Carlos Reutemann got a flyer of a start to take the lead, however seconds later his clutched seized and he dropped right down the order. Reutemann's sudden drop of pace caused the mid-field to get all out of shape, Vittorio Brambilla nearly spinning off the circuit. With Reutemann's problems, René Arnoux therefore kept his lead ahead of Jean-Pierre Jabouille, Nelson Piquet, Bruno Giacomelli, Gilles Villeneuve, Héctor Rebaque and Alan Jones.
On the third lap, Jabouille and Piquet moved ahead of Arnoux who dropped from first to third. A lap later, Villeneuve moved ahead of Giacomelli to take fourth position. The same lap, Piquet took the lead from Jabouille going into the second last corner and immediately began to pull away.
Brambilla in his final F1 race, spun off the circuit on lap four to end his Formula One career. Lap six saw Villeneuve suffer a tire failure going straight on in the corner before Tosa, Villeneuve's Ferrari was destroyed in a big way, Giacomelli's Alfa Romeo collected some of the debris and spun off the circuit causing both cars to retire. This accident allowed Alan Jones to move into fourth position with Jean-Pierre Jarier and John Watson going into fifth and sixth. Watson would go on to retire with brake problems on lap 20.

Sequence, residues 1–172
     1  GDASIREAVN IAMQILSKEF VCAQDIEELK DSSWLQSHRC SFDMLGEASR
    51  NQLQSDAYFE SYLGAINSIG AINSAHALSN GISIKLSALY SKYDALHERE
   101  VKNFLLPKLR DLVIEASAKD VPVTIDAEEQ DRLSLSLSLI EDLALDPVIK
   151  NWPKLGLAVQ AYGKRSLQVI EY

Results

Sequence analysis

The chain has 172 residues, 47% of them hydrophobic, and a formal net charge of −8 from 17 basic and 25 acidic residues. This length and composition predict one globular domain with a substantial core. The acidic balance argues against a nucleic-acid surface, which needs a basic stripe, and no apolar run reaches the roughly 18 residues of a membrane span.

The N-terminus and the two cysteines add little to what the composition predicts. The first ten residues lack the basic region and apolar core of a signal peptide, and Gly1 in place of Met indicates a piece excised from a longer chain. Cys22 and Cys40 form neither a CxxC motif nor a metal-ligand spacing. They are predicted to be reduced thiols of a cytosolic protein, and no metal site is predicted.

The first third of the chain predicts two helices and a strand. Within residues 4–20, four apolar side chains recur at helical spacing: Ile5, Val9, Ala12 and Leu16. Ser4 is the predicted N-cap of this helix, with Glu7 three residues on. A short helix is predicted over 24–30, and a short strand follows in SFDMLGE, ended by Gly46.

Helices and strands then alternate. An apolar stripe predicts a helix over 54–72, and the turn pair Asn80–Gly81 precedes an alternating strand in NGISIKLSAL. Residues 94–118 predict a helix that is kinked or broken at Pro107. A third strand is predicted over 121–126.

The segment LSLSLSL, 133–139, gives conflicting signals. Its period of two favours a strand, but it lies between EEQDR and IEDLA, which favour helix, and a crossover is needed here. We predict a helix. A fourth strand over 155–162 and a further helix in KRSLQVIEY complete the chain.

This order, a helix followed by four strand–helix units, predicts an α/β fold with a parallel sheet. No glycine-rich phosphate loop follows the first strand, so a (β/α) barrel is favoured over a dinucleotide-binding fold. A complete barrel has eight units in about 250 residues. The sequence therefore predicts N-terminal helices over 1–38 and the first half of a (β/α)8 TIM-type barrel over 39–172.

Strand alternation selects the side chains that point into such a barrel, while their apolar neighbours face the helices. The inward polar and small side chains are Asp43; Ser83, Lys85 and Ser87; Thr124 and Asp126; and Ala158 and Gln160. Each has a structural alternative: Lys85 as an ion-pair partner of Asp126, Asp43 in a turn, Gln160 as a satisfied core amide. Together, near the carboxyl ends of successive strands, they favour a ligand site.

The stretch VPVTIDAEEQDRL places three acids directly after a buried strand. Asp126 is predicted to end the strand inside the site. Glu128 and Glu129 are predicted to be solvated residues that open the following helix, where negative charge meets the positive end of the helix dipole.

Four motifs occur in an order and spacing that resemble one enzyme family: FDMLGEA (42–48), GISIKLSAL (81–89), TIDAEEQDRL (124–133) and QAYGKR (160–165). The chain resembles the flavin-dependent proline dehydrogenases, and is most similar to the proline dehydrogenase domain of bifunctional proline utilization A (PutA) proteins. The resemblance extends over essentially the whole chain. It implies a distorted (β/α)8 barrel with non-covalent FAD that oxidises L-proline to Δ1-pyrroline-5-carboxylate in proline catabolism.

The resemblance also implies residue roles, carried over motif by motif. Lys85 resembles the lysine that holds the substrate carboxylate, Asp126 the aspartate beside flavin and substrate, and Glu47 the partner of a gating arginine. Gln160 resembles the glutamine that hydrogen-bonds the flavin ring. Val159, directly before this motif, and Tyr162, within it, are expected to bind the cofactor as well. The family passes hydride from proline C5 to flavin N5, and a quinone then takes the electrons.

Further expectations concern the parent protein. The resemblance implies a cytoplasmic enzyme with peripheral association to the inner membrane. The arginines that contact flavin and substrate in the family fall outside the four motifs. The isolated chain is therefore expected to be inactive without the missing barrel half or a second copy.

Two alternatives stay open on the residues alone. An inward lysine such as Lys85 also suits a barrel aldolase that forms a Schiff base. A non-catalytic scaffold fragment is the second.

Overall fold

Arnoux who appeared to be struggling saw Jones take third from the Renault driver. Jones who had found his pace then began to chase down Jabouille and then on lap 29 he had taken second position. Arnoux had then dropped behind Jarier's Tyrrell with Reutemann climbing his way back up to sixth position. Arnoux who continued to struggle and soon waved Reutemann through into fifth position. Arnoux who was suffering engine problems dropped well out of the points and well out of the running.
Jarier then spun off the circuit with brake failure ending a strong day for Tyrrell. With seven laps to go, Jabouille pulled into the pits with another predictable mechanical problem. At the front Jones continued to lap well, however Piquet continued to hold an edge over the Williams driver, the Brabham running that little bit better than the Williams. Piquet took a convincing win, 28 seconds ahead of Jones. Reutemann made a good comeback drive to finish third. Elio de Angelis took fourth on home turf with Keke Rosberg finishing fifth ahead of Didier Pironi.
Standings after raceEdit
|V T E||Italian Grand Prix|
|Circuits||Monza (1950 - 1979, 1981 - Present), Imola (1980)|
|Races||1950 • 1951 • 1952 • 1953 • 1954 • 1955 • 1956 • 1957 • 1958 • 1959 • 1960 • 1961 • 1962 • 1963 • 1964 • 1965 • 1966 • 1967 • 1968 • 1969 • 1970 • 1971 • 1972 • 1973 • 1974 • 1975 • 1976 • 1977 • 1978 • 1979 • 1980 • 1981 • 1982 • 1983 • 1984 • 1985 • 1986 • 1987 • 1988 • 1989 • 1990 • 1991 • 1992 • 1993 • 1994 • 1995 • 1996 • 1997 • 1998 • 1999 • 2000 • 2001 • 2002 • 2003 • 2004 • 2005 • 2006 • 2007 • 2008 • 2009 • 2010 • 2011 • 2012 • 2013 • 2014 • 2015 • 2016 • 2017 • 2018|
|European Championship Races||1931 • 1932 • 1935 • 1936 • 1937 • 1938|
|Non-Championship Races||1921 • 1922 • 1923 • 1924 • 1925 • 1926 • 1927 • 1928 • 1933 • 1934 • 1947 • 1948 • 1949|